Roman Roads Press Blog

Author: Daniel Foucachon

Logic: A Science and Art

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Logic and RhetoricLogic: A Science and Art Is logic a science or an art? Of course, a logician would answer Yes, and here is why. A science is a systematic study of some aspect of the natural world that seeks to discover laws (regularities, principles) by which God governs His creation. Whereas botany studies plants, astronomy studies the sky, and anatomy studies the body, logic studies the mind as it reasons, as it draws conclusions from other information. Logic as a science seeks to discover rules that distinguish good reasoning from poor reasoning, rules that are then simplified and systematized. These would include the rules … Continue Reading “Logic: A Science and Art”

We Need Stories

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We Need Stories OLD WESTERN CULTURE Once upon a time there was a horse that couldn’t be tamed. He was young and strong, nervous and rangy. King Philip wanted to ride him in battle, and every man of the king’s army looked on that beautiful horse with admiration. But man after man could not tame him; with wild, frantic energy he started and bucked at every battle-hardened solder that tried to get close to him. After many men had failed they were about to declare him untamable and send him back into the wild, when the king’s young son stepped forward … Continue Reading “We Need Stories”

Eucatastrophe

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Subject | Grades 9-12+Eucatastophe Death! Ride, ride to ruin and the world’s ending! …There flowered a White Tree, and that was for Gondor.Tolkien, Return of the King “This emotional rollercoaster that Tolkien puts us on – puts Éomer on – this swinging us from one extreme of Éomer’s sense of despair and impending defeat, to the thrill of discovering that what you thought was your enemy coming to kill you was in fact your friends and allies coming to rescue you. That’s what Tolkien calls “Eucatastrophe,” and that’s how Tolkien would have us read, and to feel, and to experience, … Continue Reading “Eucatastrophe”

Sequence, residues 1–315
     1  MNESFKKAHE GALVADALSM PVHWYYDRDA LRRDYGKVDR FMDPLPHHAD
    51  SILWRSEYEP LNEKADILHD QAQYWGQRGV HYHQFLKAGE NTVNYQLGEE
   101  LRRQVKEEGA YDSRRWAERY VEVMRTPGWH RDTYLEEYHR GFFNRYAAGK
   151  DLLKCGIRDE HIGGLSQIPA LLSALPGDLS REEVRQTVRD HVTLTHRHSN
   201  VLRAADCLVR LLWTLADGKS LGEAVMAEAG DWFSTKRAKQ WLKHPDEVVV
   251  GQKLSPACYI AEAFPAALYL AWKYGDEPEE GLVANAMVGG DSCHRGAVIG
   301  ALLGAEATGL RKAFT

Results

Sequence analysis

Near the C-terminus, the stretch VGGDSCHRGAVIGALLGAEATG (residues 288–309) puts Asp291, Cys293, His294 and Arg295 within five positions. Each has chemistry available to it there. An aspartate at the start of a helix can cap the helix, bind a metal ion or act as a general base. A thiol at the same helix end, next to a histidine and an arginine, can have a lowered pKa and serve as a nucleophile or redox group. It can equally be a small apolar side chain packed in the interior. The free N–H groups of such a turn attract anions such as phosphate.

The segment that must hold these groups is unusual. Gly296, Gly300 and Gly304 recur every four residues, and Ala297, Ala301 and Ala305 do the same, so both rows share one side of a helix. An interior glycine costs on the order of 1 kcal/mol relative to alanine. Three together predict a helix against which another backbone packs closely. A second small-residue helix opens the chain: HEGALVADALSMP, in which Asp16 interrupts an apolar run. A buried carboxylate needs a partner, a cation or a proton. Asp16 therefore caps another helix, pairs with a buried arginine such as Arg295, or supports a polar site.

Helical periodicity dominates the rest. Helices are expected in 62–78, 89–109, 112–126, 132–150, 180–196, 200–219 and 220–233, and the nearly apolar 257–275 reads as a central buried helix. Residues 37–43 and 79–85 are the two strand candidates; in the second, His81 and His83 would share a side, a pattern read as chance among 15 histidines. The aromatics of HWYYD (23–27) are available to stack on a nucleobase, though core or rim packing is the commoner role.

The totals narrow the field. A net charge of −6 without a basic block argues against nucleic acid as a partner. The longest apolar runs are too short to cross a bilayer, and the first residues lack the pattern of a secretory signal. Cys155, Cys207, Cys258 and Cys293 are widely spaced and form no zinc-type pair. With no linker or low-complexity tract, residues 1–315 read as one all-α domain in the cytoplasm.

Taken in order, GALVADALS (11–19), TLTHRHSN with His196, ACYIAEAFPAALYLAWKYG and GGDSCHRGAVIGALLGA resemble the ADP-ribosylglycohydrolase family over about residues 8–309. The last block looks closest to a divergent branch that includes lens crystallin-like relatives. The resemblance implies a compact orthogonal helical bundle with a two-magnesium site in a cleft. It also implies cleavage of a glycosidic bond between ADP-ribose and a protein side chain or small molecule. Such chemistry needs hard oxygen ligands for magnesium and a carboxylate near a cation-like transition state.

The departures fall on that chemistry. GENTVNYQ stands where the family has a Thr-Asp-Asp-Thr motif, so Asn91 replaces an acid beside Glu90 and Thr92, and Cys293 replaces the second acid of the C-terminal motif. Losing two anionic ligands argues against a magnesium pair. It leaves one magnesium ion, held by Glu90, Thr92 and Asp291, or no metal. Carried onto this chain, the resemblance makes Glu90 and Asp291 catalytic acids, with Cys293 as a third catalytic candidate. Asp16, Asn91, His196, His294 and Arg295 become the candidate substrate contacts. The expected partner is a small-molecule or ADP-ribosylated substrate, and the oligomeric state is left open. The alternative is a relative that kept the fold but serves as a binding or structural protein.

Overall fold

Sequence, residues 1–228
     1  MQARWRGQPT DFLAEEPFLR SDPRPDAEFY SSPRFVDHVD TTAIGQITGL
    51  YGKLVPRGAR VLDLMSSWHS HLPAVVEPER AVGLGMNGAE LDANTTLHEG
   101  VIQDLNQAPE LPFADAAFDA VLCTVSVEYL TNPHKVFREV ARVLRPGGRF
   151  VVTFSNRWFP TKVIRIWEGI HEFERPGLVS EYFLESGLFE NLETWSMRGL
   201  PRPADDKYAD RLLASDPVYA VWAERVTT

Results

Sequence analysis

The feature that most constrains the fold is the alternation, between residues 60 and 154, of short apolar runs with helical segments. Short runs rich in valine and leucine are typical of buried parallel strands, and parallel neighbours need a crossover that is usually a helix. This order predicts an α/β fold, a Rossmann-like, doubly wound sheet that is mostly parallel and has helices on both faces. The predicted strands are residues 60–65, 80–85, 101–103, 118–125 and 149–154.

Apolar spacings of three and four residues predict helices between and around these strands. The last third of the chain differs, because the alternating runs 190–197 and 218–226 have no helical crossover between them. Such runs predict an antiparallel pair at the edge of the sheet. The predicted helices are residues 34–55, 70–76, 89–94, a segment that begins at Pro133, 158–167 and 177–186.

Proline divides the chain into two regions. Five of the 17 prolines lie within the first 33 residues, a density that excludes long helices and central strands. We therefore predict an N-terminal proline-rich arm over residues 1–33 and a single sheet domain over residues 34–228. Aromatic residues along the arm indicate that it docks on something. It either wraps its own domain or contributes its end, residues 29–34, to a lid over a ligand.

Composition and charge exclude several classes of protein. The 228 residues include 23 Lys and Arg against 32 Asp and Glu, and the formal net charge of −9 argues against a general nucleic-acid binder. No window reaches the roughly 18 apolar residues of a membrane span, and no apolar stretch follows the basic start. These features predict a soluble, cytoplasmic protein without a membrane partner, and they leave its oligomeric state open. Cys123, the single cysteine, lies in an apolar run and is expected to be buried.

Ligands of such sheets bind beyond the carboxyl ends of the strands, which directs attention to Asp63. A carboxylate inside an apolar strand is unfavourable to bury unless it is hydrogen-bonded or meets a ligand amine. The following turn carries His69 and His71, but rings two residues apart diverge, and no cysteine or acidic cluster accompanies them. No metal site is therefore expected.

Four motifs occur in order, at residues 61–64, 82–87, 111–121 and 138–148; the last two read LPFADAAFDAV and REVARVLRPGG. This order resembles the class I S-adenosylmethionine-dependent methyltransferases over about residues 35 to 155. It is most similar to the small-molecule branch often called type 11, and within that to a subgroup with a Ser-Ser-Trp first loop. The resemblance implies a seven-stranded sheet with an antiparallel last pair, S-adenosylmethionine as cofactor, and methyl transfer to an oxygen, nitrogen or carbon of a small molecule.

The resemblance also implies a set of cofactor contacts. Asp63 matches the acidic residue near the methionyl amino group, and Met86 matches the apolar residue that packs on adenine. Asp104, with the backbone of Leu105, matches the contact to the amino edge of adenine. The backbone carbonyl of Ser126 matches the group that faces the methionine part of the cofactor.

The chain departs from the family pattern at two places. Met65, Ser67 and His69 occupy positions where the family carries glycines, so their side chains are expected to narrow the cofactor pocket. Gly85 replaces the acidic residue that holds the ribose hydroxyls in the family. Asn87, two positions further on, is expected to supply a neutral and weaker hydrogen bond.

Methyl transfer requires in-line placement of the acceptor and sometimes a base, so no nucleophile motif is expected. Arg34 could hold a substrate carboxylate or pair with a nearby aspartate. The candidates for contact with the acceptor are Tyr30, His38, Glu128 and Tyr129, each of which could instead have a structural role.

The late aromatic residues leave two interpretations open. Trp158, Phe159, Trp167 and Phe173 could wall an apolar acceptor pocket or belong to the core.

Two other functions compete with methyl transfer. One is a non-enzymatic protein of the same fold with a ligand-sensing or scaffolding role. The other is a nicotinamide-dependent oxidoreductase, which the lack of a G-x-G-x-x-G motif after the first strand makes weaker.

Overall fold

What Does Jesus Have to Do with STEM? – Dr. Mitch Stokes

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This article originally appeared in Digressio Magazine, Vol. 4. Listen to the audio version of this article. Stephen Hawking, who recently passed away, was the most famous physicist since Albert Einstein. And rightly so: he held the same Cambridge professorship that Sir Isaac Newton held, the Lucasian Chair of Mathematics. But, unlike Newton, Hawking was an atheist. Similarly, Richard Dawkins, an emeritus fellow at Oxford and the world’s most famous biologist, is an outspoken opponent of religion. Hawking and Dawkins both say that their respective sciences show that there is no God. To many people, this seems like pretty good … Continue Reading “What Does Jesus Have to Do with STEM? – Dr. Mitch Stokes”

Advent & Christmas Traditions – Francis Foucachon